However, you should always go to see them for yourself. And think twice about leaving your dog in kennels if they’re nervous, or unsure of other dogs. While all boarding kennel websites tend to promise a stress-free and enjoyable environment, you’ll be able to be the judge of where your dog will be happy.
Leaving your cat behind
Leaving a cat at home is probably the easiest and least disruptive of all options. But you’re still likely to need someone to call round and check on them, even if you have an automatic feeder and they do their business outdoors.
And you’ll certainly need someone to call round daily if they’re a house cat. Partly to make sure that they’re fed and their litter’s cleaned, but also because – despite how aloof they often seem – cats like human company too. Usually.
Again, if there aren’t any friends or family members who can call round, Rover and Facebook groups are good options for finding cat lovers who can make home visits.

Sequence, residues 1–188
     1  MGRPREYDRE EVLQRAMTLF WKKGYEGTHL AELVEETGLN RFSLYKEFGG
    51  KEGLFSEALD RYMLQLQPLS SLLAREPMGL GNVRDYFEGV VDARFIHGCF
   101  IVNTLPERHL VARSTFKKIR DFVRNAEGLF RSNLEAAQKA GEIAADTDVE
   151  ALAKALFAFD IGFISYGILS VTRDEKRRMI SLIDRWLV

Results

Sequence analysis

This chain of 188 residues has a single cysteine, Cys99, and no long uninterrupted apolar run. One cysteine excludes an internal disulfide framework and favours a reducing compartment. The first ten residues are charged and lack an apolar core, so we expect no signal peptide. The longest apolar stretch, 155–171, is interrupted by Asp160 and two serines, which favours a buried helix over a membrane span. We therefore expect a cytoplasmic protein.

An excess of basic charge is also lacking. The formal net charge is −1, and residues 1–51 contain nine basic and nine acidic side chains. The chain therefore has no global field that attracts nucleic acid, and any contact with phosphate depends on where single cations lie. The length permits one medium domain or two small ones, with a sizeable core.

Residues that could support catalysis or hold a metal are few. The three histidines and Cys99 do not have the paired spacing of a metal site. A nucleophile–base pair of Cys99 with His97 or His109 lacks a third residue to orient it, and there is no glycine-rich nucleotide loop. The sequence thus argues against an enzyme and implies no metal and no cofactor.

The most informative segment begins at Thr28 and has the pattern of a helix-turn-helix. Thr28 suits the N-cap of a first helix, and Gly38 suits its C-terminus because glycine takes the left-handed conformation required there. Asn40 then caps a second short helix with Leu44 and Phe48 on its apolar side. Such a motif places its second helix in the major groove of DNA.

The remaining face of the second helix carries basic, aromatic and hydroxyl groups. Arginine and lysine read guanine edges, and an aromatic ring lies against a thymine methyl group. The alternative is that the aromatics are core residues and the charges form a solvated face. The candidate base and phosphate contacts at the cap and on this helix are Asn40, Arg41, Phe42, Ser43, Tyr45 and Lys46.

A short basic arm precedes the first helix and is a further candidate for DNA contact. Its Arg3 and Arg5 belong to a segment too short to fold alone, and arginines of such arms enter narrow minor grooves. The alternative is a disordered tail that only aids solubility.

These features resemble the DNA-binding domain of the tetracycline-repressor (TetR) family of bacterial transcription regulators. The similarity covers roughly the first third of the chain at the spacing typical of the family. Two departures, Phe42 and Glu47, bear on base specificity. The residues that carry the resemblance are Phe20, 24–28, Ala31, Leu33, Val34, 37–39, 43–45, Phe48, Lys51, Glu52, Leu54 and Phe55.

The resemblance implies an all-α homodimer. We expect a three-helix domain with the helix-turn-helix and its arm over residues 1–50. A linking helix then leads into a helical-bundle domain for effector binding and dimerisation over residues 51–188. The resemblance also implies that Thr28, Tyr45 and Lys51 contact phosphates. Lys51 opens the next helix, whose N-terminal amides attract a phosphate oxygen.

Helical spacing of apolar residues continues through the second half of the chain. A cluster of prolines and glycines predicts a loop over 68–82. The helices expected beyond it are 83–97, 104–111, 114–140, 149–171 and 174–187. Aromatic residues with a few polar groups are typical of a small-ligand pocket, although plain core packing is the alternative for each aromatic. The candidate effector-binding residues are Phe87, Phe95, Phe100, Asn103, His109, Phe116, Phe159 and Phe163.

Finally, you could look into taking them to a boarding cattery in your area. This usually means their dry and wet food will be looked after, and bedding and heating provided.
But, as mentioned, it’s worth remembering that cats are territorial. Even if the cattery is of an exceptional standard, there’s still a good chance your cat will find the experience unsettling. On the plus side, the staff are very likely to be cat-loving professionals, who will look after your pet to the best of their ability.
If you do arrange any pet care that involves people coming to your house while you’re away, be sure to check with your home insurance provider that you are still covered appropriately.
For more pointers on how to keep your pets safe and happy, go to Solved.